Thunderbird Bass

A visually striking 1965 Gibson Thunderbird bass was recently profiled by Vintage Guitar as part of the publication’s “Classic instruments” series. After providing some brief historical background, the article notes that Gibson “opted to get into the full-scale electric bass market in earnest” with the introduction of the Thunderbird in 1963.

“Companions to the Firebird guitars, Thunderbirds featured neck-through construction with body sides glued to the neck block,” states the author. “Early examples had a two-piece full-length neck, but by the end of the first year, a nine-layer laminated neck was employed for better strength.”

The article goes on to point out that the Thunderbird II and IV iterations were “simply one- and two-pickup models with dot fretboard inlays.”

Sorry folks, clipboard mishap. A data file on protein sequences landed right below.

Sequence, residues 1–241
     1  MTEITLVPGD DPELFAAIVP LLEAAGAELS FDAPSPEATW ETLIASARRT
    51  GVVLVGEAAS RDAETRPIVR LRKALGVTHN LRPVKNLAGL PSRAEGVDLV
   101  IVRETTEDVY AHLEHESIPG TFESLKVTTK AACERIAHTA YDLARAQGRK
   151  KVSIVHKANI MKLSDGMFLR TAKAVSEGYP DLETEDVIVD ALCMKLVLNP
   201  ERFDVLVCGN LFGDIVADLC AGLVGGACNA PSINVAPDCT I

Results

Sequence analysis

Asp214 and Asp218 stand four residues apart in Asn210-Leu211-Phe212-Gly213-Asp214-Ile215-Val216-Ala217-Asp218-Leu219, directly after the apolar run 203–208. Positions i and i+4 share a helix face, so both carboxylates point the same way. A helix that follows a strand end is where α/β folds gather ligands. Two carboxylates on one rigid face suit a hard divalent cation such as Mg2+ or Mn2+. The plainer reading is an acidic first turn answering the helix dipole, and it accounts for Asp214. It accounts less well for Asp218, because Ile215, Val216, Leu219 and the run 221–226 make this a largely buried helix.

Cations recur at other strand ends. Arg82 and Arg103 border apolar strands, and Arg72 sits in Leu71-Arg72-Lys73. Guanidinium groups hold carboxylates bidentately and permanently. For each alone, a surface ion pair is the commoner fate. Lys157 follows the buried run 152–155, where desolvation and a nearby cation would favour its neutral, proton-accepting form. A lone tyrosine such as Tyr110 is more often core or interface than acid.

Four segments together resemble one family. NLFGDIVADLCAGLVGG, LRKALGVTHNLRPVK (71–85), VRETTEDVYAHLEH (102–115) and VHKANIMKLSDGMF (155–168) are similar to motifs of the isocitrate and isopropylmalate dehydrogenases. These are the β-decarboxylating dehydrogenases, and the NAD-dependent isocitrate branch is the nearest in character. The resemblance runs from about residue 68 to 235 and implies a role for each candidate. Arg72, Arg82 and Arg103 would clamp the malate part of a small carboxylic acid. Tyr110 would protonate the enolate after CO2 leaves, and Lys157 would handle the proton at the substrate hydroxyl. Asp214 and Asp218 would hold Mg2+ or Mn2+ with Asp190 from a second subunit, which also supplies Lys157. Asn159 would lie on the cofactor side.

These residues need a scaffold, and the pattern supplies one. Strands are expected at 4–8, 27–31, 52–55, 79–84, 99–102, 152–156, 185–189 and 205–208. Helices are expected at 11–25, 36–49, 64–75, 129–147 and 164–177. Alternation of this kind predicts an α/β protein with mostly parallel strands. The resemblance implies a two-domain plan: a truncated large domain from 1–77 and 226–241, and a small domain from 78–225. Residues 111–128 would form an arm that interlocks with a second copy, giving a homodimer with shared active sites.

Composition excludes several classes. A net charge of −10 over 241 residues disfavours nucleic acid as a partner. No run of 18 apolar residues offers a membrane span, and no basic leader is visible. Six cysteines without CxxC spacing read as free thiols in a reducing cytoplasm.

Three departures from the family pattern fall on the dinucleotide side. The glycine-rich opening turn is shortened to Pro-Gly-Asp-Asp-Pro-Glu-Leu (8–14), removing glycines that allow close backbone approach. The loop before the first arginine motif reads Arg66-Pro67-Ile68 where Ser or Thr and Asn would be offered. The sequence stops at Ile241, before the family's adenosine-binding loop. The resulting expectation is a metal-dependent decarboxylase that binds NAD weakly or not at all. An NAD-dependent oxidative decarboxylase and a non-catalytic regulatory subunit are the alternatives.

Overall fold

“They featured new humbucking pickups without pole-pieces, and their Tune-O-Matic bridges and stop tailpieces were also new,” says the article. “The single-pickup II had a volume and tone control, and the double-pickup IV had two volume controls and a master tone knob. Original Firebirds had rear-projecting banjo-style tuners; Thunderbirds had conventional bass tuners ….”

Vintage Guitar rightly notes that Martin Turner of Wishbone Ash and the late Allen Woody of Gov’t Mule and the Allman Brothers Band are among the instrument’s noteworthy players. Click here to check out the 2018 edition of the Gibson Thunderbird.